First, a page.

Electrolysis vs. Laser Hair Removal: Which Is Right for You?
Shaving, waxing, and tweezing often feel like losing battles. You get rid of a hair one day, but a few days later, it’s back and you have to address it again.
If you’re sick of wasting time dealing with unwanted hair growth, you might want to consider permanent hair removal.
When it comes to removing hair permanently, you have two options:
Laser hair removal or electrolysis.
But what’s the difference between the two? Is one better than the other? Which one is right for you?
Today, we’re discussing electrolysis versus laser hair removal to help you make the right choice.
Table of Contents
- How Laser Hair Removal Works
- How Electrolysis Works
- The Similarities Between Electrolysis and Laser Hair Removal
- The Differences Between Electrolysis and Laser Hair Removal
- Electrolysis vs. Laser Hair Removal: Which One is Better?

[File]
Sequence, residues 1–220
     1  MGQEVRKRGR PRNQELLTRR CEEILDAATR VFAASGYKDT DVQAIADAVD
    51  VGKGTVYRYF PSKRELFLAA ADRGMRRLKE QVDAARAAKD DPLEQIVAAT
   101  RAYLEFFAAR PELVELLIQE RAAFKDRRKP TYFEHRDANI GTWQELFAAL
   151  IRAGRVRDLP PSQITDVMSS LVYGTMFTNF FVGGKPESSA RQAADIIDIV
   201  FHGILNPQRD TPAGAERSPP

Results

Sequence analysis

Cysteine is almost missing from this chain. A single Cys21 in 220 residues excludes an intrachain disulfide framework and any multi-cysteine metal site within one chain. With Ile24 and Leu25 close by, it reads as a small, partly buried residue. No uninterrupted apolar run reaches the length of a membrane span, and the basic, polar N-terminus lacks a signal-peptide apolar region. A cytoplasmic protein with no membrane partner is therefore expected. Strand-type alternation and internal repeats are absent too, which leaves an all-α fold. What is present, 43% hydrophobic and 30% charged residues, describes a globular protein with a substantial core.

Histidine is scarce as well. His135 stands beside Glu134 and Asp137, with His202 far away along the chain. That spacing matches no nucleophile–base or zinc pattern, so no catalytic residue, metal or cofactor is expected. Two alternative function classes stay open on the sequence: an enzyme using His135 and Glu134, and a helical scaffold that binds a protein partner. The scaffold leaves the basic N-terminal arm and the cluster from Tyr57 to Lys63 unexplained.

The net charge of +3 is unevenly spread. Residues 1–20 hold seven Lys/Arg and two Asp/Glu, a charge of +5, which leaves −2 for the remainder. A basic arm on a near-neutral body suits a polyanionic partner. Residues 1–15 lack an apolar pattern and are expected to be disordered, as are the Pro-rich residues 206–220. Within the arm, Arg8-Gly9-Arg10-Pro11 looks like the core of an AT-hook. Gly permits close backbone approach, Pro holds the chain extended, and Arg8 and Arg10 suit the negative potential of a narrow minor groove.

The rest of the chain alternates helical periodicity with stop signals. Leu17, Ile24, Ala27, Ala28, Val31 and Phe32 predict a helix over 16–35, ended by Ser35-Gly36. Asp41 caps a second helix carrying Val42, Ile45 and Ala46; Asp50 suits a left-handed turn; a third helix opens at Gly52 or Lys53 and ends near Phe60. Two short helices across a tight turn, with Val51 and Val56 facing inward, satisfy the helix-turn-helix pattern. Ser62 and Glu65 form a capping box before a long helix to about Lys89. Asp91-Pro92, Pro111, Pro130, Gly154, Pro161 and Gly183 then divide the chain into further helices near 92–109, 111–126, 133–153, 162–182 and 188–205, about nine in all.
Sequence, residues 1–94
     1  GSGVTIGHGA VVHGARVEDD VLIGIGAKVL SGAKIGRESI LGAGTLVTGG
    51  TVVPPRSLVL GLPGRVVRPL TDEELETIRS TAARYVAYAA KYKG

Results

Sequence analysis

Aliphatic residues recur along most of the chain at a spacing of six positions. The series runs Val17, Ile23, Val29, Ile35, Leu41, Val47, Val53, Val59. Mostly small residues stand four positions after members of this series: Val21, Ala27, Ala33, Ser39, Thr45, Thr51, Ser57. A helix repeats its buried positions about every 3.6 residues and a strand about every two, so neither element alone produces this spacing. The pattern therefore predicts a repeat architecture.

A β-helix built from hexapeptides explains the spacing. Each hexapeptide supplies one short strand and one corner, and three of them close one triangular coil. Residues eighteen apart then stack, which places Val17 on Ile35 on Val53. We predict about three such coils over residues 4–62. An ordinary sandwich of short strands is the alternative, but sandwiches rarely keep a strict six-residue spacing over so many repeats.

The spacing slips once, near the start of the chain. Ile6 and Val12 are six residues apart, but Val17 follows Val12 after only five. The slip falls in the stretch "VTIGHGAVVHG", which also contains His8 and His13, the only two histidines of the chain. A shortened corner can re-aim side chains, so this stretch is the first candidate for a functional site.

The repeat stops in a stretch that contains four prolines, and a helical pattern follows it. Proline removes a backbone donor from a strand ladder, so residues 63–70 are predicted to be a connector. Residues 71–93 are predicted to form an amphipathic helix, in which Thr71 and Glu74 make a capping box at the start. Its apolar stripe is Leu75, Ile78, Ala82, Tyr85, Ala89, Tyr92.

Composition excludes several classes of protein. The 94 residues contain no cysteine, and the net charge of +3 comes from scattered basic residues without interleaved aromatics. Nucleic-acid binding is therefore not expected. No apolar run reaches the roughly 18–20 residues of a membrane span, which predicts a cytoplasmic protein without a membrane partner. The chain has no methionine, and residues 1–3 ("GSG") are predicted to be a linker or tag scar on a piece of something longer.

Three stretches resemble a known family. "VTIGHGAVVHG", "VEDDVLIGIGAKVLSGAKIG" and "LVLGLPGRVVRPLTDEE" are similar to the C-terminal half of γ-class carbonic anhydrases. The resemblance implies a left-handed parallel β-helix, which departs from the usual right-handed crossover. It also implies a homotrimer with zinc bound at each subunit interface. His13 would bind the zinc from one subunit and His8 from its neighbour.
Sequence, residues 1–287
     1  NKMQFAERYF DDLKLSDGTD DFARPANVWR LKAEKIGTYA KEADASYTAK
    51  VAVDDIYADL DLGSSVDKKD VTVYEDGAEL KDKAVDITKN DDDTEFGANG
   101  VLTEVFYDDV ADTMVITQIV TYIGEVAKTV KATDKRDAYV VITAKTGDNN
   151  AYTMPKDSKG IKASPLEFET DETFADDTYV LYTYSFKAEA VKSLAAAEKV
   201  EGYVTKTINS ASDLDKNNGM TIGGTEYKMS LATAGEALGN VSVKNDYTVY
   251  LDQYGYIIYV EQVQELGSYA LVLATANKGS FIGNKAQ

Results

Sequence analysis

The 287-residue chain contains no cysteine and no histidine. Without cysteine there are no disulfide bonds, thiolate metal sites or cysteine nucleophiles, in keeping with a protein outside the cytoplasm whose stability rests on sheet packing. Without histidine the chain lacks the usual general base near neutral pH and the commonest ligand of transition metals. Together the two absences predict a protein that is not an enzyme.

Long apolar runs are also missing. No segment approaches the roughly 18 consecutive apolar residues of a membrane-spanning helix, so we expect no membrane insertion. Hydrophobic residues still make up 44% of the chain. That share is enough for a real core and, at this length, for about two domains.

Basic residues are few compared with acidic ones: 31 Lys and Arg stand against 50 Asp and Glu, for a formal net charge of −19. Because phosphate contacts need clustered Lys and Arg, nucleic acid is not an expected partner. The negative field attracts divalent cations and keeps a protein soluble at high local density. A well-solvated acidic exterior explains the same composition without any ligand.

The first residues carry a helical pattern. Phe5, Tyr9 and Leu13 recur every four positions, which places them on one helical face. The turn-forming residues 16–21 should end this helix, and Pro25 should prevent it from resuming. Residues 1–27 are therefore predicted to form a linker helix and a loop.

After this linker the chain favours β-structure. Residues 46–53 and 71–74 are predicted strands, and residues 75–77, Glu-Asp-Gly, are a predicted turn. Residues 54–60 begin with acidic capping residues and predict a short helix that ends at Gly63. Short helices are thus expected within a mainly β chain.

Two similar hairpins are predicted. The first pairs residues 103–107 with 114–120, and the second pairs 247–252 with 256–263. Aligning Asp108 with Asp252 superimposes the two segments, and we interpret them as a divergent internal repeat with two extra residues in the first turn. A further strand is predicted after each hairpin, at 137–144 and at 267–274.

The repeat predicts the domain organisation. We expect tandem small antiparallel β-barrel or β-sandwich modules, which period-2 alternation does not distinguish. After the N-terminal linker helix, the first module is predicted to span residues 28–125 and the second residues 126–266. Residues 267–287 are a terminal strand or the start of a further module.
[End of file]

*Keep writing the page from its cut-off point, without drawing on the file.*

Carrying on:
How Laser Hair Removal Works
Before you can decide which hair removal treatment is the better option, you should know how each process works.
When you undergo laser hair removal, a technician applies a pulse of light into your pores. The light energy travels through your skin, targeting the melanin in your hair follicle. By increasing the temperature of the follicle, it destroys the root of the hair.
When the root is destroyed, the follicle is unable to produce hair.
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Laser Hair Removal Aftercare
To see the best results, you must follow an aftercare treatment routine. You’ll need to limit sun exposure for several weeks and wear loose clothing for at least two days after treatment. Also, it’s best to avoid swimming pools, hot tubs, steam rooms, and physical exercise for 48 hours.
Other than that, you can go about your daily activities as usual.
Side Effects of Laser Removal
Laser hair removal has limited side effects. Some people experience redness and swelling, but those usually subside within a few hours.
Related: Laser Hair Removal FAQs
How Electrolysis Works